Watching How Have You Been?, it’s clear the protagonist is battling her own demons. “I had definitely wanted to create something to do with grief,” Polly explains. “When I was trying to do an illustration related to it, I just didn't really feel like I was honoring it in the right way. I never felt quite like I could grasp it as such a personal thing.” While grief may have been at the forefront of her mind when creating the film, the beauty of the piece lies in it’s ambiguity. “With most themes in my work, the film could be interpreted in various different ways. We wanted to keep it open.” The audience isn’t spoonfed the details of the character’s trauma, we don’t know why she feels the way she does, we’re just shown the consequences of that emotion. “In the story, she’s very isolated. It doesn’t have to necessarily be viewed as a story about grief, but it's about a breakdown of communication. About not having people around you when you need them, or when you want them to be there.”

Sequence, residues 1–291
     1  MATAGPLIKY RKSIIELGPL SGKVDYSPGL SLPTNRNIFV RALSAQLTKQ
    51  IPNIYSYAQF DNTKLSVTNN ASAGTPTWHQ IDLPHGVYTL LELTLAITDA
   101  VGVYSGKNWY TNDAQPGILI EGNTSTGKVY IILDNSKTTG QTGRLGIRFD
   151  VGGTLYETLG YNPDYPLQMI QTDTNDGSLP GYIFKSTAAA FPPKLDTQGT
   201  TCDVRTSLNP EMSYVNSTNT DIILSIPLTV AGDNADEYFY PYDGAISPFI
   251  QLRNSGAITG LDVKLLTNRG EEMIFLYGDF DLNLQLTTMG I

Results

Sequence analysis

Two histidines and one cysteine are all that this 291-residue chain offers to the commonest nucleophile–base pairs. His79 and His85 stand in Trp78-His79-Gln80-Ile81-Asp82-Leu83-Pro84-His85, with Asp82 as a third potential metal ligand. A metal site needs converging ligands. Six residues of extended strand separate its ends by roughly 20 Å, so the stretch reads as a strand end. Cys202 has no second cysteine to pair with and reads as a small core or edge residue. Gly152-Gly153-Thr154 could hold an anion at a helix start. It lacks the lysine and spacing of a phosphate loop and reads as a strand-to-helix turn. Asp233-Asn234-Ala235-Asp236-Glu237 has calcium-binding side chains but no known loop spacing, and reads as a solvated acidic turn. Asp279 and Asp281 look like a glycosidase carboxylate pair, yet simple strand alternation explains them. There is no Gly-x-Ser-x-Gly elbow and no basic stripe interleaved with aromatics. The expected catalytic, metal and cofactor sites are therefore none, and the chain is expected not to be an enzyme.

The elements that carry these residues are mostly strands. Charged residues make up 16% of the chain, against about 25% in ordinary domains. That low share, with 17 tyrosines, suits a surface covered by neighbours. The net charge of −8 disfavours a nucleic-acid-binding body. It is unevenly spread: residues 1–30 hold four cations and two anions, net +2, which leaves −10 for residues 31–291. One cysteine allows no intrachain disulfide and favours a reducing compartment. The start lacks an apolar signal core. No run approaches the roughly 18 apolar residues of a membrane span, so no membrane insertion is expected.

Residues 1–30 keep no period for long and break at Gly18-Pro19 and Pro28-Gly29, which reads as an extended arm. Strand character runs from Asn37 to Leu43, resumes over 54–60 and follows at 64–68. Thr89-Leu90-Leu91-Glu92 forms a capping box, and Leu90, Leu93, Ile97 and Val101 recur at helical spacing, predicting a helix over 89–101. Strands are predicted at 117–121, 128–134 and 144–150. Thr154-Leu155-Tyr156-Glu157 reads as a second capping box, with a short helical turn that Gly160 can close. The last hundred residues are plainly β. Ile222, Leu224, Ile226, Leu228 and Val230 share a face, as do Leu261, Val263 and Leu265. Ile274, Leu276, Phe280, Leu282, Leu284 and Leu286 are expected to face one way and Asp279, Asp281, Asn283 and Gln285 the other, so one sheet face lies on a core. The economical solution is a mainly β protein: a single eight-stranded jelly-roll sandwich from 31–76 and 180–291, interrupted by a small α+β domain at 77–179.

Flying red creatures aside, it isn’t a dramatic piece; but rather puts sequence to thoughts the majority of us have encountered, particularly in the last few months. Grief, loneliness, and breakdowns in communication may have been themes Polly had been ruminating on for ages; but suddenly, these emotions were being experienced all across the world, and all at once. Polly and Andy worked together to bring her work alive sonically within How Have You Been?, eventually casting aside nearly all dialogue in favour of the brain-drilling noises that fill our everyday. “I had thought about noises that I would want in it, which is really like the buzzing of the fridge, or cars going past. Things that fucking annoy you. The sounds that amplify when you've listened to nothing for a long time.”